Gold futures on the COMEX Division of the New York Mercantile Exchange edged higher on Monday, as growing unrest in Libya continued to boost demands for safe-haven investment.
The most active gold contract for April delivery inched up 60 U. S. cents per ounce, or 0.04 percent, to settle at 1,409.9 dollars.
"Traders continue to monitor the chaos in North Africa and the Middle-east,"said Mike Daley, a senior gold analyst with Chicago- based PFGBEST, "Traders and investors alike are concerned that the disruption in Libya's oil supply will send crude oil prices skyrocketing further."
Mike added that higher crude oil prices are inflationary, which have caused many global investors to choose the precious metals as their "safe haven" alternative investment.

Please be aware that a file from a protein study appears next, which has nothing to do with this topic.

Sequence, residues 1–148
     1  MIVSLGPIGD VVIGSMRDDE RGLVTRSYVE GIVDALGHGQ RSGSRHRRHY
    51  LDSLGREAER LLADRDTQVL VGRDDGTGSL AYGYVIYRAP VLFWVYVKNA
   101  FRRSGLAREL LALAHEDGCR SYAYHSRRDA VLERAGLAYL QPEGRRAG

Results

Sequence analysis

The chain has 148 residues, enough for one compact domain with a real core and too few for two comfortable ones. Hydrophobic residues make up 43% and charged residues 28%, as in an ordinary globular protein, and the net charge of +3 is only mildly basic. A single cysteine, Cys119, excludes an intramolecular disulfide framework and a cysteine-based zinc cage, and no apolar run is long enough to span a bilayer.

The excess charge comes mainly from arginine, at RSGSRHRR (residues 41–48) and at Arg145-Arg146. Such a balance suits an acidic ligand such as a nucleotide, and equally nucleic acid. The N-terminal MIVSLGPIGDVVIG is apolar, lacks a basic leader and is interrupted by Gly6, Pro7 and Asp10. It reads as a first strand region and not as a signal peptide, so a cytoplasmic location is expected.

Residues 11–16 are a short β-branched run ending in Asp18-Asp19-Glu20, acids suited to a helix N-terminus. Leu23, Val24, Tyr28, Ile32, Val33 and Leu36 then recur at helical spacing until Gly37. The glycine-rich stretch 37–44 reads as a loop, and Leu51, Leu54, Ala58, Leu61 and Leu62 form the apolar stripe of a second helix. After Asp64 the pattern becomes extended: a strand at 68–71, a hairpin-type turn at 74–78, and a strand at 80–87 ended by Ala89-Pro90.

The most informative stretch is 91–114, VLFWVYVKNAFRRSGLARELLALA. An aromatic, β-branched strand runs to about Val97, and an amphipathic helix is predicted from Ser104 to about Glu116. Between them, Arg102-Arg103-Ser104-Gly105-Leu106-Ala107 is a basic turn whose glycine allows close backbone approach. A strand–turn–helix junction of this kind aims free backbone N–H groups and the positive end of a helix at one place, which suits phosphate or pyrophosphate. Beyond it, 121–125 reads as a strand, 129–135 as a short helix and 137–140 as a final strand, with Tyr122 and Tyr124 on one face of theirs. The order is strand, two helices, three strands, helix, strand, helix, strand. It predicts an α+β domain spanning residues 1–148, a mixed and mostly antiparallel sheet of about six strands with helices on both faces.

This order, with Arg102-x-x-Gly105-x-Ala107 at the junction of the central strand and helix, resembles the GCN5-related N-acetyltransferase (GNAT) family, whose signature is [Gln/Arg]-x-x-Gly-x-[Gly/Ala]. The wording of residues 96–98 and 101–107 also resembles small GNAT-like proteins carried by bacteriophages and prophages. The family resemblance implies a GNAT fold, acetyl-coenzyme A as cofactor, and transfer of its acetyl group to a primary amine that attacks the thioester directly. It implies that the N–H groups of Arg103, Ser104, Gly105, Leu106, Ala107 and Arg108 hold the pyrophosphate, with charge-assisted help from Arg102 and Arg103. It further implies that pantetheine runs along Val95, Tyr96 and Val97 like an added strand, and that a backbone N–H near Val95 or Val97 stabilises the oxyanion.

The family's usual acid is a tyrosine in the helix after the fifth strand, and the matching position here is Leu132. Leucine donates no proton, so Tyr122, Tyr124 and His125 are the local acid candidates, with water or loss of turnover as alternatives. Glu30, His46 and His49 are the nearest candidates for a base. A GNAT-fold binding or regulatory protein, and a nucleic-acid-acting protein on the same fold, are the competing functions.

The unrest in the Middle East and North Africa as well as the inflationary worries has pushed up the gold prices by 5.9 percent this month. In 2010, gold prices hiked 30 percent and reached a record 1,432.5 dollars an ounce on Dec. 7.
However, Mike also showed his concerns over the current market, as "investors have become very cautious above the 1,400 dollars per ounce level due to uncertainty involving central banks raising rates and that the situation in Libya is reaching its apex."
But in the long run, the market widely believed that the gold prices would continue to get support from the worldwide inflationary concerns.
Silver for May delivery gained 89.7 cents, or 2.7 percent, to 33.82 dollars an ounce. Meanwhile, April platinum delivery gained 5.8 dollars, or 0.32 percent, to 1,809.2 dollars an ounce.